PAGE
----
The headwaters of the Dolores River share space with century-old mines similar to the Gold King Mine that spilled 3 million gallons of wastewater into the Animas River this August.
But the long-abandoned Argentine Mine Complex near Rico is receiving proper pollution controls to reduce the risk of such an accident, mining officials say.
The St. Louis and Blaine mine tunnels once provided access to a vast network of hard-rock tunnels bored into the Rico Mountains.
Now the tunnels act like drains for snowmelt and rain, which accumulate unnatural levels of heavy metals that has to flow out somewhere.
The mine entrances have collapsed, but the wastewater continues to drain out of them within yards of the Dolores River.
“It’s a hazard we need to pay attention to because the Dolores River supplies water for four towns, and for McPhee Reservoir, depended on for irrigation,” said Paul Hollar, emergency manager for Montezuma County.
Mine drainage from St. Louis and Blaine flow through an on-site wastewater-treatment system that is working properly, according to the EPA and state mining officials.
Eleven settling ponds remove heavy metals, and the water meets state health standards when it returns to the river.
For the past 15 years, the treatment system has been upgraded and maintained under a cooperative effort by former mine owners Atlantic Richfield Co., the EPA and the Colorado Division of Reclamation and Mine Safety.
“While you can never be sure what is happening two miles back in these tunnels, we feel the mine entrances are under control,” said Allen Sorenson, project manager and engineer with the state’s inactive mine program.
But it was not always that way.
In 2000, a disaster was narrowly averted after years of disrepair threatened to spill decades-worth heavy-metal sludge into the Dolores River.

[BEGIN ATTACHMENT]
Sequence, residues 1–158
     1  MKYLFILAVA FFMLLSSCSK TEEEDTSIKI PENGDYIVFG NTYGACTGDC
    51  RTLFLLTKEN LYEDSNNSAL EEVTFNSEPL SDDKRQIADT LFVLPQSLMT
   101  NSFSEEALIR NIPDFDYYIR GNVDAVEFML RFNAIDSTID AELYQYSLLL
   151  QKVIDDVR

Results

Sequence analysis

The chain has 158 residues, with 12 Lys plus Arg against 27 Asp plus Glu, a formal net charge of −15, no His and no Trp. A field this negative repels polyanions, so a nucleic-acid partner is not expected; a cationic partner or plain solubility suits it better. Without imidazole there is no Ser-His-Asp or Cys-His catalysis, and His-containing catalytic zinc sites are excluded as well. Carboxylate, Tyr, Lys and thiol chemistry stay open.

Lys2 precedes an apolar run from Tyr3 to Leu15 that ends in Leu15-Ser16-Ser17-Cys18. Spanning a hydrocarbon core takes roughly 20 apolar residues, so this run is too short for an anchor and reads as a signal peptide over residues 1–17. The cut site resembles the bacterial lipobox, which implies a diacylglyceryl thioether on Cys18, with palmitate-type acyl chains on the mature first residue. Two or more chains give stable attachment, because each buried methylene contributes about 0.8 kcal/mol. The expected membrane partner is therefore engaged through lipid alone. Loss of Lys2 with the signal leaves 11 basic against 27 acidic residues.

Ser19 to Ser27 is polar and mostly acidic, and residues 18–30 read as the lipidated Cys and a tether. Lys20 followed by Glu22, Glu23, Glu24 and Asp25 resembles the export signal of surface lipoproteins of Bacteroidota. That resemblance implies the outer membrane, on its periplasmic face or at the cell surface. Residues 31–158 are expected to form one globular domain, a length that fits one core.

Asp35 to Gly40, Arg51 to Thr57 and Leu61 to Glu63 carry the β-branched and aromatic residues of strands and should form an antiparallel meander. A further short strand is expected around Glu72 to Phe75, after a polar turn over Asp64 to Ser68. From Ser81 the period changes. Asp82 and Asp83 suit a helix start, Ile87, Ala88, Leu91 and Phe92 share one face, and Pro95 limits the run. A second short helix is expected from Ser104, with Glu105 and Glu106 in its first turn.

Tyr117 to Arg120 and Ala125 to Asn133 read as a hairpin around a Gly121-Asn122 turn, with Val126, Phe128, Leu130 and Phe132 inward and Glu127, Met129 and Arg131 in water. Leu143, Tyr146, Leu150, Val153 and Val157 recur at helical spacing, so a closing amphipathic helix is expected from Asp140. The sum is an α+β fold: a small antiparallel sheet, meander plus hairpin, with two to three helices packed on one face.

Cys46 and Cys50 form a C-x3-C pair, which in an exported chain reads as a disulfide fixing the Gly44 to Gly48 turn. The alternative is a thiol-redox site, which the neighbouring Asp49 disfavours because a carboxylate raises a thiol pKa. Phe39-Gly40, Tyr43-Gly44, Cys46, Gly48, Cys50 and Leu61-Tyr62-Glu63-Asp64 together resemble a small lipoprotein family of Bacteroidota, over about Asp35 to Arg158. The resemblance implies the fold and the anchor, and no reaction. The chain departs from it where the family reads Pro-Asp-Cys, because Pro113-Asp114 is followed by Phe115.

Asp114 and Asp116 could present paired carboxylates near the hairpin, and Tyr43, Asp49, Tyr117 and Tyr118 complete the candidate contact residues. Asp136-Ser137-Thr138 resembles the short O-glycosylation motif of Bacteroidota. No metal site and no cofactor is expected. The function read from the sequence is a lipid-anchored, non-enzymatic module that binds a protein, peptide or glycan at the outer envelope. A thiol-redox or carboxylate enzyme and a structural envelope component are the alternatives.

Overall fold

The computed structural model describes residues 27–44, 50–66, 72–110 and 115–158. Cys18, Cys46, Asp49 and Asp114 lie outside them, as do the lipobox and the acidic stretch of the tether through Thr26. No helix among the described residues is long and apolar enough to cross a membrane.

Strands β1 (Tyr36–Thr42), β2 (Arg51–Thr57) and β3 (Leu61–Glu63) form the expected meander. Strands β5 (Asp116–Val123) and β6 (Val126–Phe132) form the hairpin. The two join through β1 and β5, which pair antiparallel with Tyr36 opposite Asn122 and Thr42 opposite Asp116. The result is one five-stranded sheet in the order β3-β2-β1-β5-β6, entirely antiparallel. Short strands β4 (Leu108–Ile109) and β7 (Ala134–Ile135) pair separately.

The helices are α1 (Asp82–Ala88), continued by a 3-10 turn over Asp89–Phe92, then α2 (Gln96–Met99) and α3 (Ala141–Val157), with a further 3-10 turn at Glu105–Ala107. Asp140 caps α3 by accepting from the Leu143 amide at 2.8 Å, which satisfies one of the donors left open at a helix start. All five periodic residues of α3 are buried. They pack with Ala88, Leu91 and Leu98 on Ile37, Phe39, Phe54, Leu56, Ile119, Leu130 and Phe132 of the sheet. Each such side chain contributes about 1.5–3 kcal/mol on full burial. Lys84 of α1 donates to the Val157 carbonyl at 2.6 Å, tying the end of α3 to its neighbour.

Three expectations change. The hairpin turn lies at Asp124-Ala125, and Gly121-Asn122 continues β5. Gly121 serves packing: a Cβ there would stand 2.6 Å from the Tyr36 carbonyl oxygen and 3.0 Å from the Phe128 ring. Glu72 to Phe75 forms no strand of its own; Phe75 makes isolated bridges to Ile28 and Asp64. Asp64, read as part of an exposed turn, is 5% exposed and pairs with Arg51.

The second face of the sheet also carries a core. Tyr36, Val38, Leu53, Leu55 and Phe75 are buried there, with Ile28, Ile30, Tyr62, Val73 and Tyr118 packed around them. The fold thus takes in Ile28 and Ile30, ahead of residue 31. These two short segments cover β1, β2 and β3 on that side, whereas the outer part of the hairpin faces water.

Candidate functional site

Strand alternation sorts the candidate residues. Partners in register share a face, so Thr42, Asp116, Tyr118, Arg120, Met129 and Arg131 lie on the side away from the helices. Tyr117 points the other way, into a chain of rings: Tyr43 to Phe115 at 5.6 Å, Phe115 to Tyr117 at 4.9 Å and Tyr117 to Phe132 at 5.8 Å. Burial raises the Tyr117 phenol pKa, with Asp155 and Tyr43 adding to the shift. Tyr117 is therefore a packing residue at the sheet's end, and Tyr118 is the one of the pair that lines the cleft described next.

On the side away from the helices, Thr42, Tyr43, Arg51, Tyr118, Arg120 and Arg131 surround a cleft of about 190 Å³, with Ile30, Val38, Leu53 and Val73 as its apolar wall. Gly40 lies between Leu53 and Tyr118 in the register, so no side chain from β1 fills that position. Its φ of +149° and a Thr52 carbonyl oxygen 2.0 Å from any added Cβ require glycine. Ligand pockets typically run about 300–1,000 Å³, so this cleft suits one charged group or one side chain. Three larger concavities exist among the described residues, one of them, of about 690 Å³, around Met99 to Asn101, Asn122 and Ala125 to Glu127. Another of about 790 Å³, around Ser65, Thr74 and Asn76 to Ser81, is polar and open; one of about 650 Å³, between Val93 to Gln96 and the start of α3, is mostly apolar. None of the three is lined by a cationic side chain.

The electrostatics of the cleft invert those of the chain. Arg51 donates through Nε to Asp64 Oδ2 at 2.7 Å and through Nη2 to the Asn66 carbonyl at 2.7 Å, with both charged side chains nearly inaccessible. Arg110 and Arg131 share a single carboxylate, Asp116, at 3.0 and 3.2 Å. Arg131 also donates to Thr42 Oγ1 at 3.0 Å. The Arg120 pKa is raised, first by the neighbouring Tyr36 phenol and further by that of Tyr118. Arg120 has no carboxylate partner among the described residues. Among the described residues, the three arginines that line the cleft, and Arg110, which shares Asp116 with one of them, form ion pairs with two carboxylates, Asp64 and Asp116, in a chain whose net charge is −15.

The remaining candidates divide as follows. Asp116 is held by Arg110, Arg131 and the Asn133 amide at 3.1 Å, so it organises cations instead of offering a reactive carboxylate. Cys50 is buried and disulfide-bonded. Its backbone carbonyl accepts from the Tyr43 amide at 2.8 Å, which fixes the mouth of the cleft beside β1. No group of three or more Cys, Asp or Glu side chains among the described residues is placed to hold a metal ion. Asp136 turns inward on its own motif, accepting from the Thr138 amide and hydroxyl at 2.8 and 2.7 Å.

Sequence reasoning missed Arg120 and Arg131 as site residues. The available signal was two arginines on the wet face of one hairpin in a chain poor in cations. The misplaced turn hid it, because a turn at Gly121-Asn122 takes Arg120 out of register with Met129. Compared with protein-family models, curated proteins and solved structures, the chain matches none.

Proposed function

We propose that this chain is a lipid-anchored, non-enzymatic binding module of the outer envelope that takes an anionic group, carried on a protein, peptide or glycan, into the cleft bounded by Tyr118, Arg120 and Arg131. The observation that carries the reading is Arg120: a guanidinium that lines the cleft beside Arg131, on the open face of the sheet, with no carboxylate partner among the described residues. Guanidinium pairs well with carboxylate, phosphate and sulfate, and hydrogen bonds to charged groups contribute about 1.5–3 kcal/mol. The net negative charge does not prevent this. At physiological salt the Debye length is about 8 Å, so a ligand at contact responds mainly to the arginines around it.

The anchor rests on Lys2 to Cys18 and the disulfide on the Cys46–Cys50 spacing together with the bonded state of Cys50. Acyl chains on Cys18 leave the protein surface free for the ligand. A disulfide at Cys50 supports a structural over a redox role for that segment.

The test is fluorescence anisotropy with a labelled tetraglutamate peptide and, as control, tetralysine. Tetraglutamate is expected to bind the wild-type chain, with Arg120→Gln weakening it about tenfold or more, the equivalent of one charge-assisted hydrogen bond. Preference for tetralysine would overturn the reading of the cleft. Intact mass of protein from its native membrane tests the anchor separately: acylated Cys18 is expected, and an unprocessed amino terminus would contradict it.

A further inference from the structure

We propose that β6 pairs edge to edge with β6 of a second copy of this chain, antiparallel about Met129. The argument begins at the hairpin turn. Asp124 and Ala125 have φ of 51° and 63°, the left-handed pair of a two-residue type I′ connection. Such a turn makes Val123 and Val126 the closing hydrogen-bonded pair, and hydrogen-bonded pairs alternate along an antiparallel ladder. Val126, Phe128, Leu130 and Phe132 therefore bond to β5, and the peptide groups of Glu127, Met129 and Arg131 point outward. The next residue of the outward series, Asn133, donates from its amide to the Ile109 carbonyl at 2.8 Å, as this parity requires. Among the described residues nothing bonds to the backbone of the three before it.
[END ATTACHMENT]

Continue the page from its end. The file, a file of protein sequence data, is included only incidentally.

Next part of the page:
Rico officials back then became alarmed when the treatment system was abandoned. Beavers began to build dams clogging culverts between the ponds, and the first two ponds began to overflow directly into the river.
“If the banks fail, the ponds with all that settled mineral waste will be dumped into the river and kill the section through town and downstream,” said Eric Heil, the mayor at the time.
The EPA dispatched emergency crews to shore up the banks, and developed a long-term fix. Liability issues prevented Rico from making repairs.
It was also discovered in 1996 that a concrete plug in the nearby Blaine Tunnel was failing, releasing orange-colored, toxic water directly into Sliver Creek, a tributary of the Dolores River.
The Blaine Tunnel plug is designed to redirect drainage through the St. Louis Tunnel, and into the settling ponds.
In 2013, the Blaine plug was successfully repaired, Sorenson said, at a cost of $350,000.
“The mine entrance was shored up, and diversion structure installed,” he said. “There is no surface discharge out of Blaine.”
The problem with the Gold King Mine was that the drainage was backing up more than anyone realized, creating an underground reservoir of wastewater that breached a thin layer of backfill when it was disturbed by EPA contractors.
To monitor whether that is happening at the Rico mines, wells with piezometers that measure water pressure and water level were installed behind the collapsed St. Louis Tunnel.
“Investigating whether they are backing up is ongoing,” Sorenson said. “It is being tracked, and if problems are observed they will be addressed.”
The Blaine Tunnel does not have the piezometers, he said, but it is checked several times a year by inspectors to make sure the diversion structure is working and to monitor flow rates.
Sorenson warned that the nature of underground mine tunnels make them unpredictable, and there are no guarantees a scenario like the Gold King Mine won’t happen again.
“It’s a significant issue,” he said. “We eliminate risk to the extent possible, but you can’t rule out what a massive surge of water will do.”